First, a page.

0 x i j t y i j k .

2.1.4. Thermal Energy Storage

As outlined in [28], thermal energy storage (TES) can be used directly (to store higher temperatures and serve lower temperature levels) and indirectly (charging at lower temperatures and using heat pumps to provide to higher temperature levels). We suppose the first variant is used. The most important properties of TES are described by capacity as well as charging, discharging, and standing efficiency. Furthermore, TESs are not suitable for every temperature level. Capacity and standing efficiency are temperature-dependent. Because linear modeling does not allow for nonlinear dependencies, one must decide for a constant temperature level that represents the intended use case or average temperature level, which induces errors inevitably. Modeling parameters should be estimated against worst-case scenarios and results must be considered critically.
The total output balance of (thermal) energy storage is given by its charging and discharging capabilities. As with the electric output, thermal output follows the active sign convention, as follows:
q i k t = q i k t c h a r g e + q i k t d i s c h a r g e ,
0 q i k t c h a r g e y i k and
0 q i k t d i s c h a r g e y i k .
TES, as any energy storage in the model, is implemented using the sparse stepwise energy formulation for better solving speed as discussed in [29]. The total energy contained in storage i at node k at time step t is described by h i k t . The total charging capacity is described by the energy-to-power ratio C A P i k and the total installed capacity y i k as
0 h i k t y i k · C A P i k .
The hourly energy balance is described by the energy of the former time step and with respect to the efficiency parameters 0 η i k t s t a n d i n g , η i k c h a r g e , η i k d i s c h a r g e 1 as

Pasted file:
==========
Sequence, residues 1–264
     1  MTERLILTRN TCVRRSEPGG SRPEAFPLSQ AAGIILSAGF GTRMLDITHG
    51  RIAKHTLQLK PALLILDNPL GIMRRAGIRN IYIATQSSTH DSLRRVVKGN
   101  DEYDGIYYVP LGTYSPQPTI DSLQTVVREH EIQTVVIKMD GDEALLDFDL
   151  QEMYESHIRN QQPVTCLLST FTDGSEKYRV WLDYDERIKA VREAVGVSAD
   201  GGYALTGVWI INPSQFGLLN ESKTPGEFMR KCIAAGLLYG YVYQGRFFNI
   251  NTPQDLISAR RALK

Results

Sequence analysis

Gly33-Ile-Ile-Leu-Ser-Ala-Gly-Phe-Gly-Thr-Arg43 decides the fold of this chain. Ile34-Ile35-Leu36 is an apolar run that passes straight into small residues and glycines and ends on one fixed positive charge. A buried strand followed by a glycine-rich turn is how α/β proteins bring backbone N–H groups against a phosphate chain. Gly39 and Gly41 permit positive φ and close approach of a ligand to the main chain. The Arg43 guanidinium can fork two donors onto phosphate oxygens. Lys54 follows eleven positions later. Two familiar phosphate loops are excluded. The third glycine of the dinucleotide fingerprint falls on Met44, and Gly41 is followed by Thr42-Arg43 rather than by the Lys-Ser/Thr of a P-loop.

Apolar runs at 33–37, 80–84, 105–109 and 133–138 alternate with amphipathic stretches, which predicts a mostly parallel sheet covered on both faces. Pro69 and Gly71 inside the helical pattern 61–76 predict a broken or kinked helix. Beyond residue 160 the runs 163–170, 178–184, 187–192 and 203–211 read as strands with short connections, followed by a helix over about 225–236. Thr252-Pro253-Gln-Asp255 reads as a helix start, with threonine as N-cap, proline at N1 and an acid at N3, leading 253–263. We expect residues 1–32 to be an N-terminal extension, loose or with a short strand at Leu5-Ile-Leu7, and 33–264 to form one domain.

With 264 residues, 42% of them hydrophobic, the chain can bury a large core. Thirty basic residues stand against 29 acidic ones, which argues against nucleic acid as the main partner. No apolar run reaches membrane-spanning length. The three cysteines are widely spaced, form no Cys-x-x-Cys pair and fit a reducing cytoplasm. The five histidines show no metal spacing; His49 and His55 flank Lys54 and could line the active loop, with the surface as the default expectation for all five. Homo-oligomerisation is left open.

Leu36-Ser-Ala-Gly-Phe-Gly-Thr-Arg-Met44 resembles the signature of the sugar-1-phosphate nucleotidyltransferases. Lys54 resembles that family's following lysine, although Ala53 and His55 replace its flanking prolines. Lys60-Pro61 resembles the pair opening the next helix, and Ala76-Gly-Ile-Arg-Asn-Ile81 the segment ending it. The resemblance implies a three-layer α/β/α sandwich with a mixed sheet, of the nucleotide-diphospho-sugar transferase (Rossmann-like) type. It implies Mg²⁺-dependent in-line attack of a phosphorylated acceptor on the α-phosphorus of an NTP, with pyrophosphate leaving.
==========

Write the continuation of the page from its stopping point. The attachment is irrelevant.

h i k t = h i k ( t 1 ) · η i k s t a n d i n g q i k t c h a r g e · η i k c h a r g e q i k t d i s c h a r g e / η i k d i s c h a r g e
To maintain the energy balance, initial and final energy contained are set to
h i k 0 = C A P i k 0 · y i k and
h i k T C A P i k T · y i k ,
with, unless stated otherwise, the initial and final energy-to-power ratios C A P i k 0 and C A P i k T , given as
0 C A P i k 0 = C A P i k T C A P i k .

2.1.5. Combined Heat and Power

An essential part of DH infrastructures are CHP plants. There is no distinct definition of CHP plants, as technically they may comprise several components. We define CHP plants as technologies which output heat and electricity directly. According to the relevant literature, there are two noncongruent CHP implementations [8,30,31,32]. Most turbines have a certain power-to-heat ratio, which is described by the so-called backpressure coefficient C i k b . In the case of backpressure turbines, the power-to-heat ratio is fixed. As also depicted in Figure 1a, heat and electricity output directly depend on each other, so that
C i k b · q i k t = x i j t .
In case excess heat can be dissipated, and in the case of steam extraction, heat output is only limited by, and not proportionally equal to, the electrical output. However, the same backpressure coefficient is used to describe this very similar relation, also shown in Figure 1b, as
C i k b · q i k t x i j t .
Power plants which extract steam for heat production require an additional parameter C i k v which describes the loss of electricity when heat production increases by one unit. As a result, the electrical output of a steam extraction plant is limited by C i k v in such a way that
x i j t y i j k t q i j t · C i k v .
The constraint is also shown in Figure 1b. Non-backpressure CHP plants without steam extraction can use the same model with the parameter C i k v = 0 . In such case, Equation (27) becomes an investment constraint, as introduced in Equation (1). In case of C i k v 0 , the maximal electric output of power plants is limited by the installed capacity and heat output. Lastly, total fuel consumption of BOTH modeling variants is described by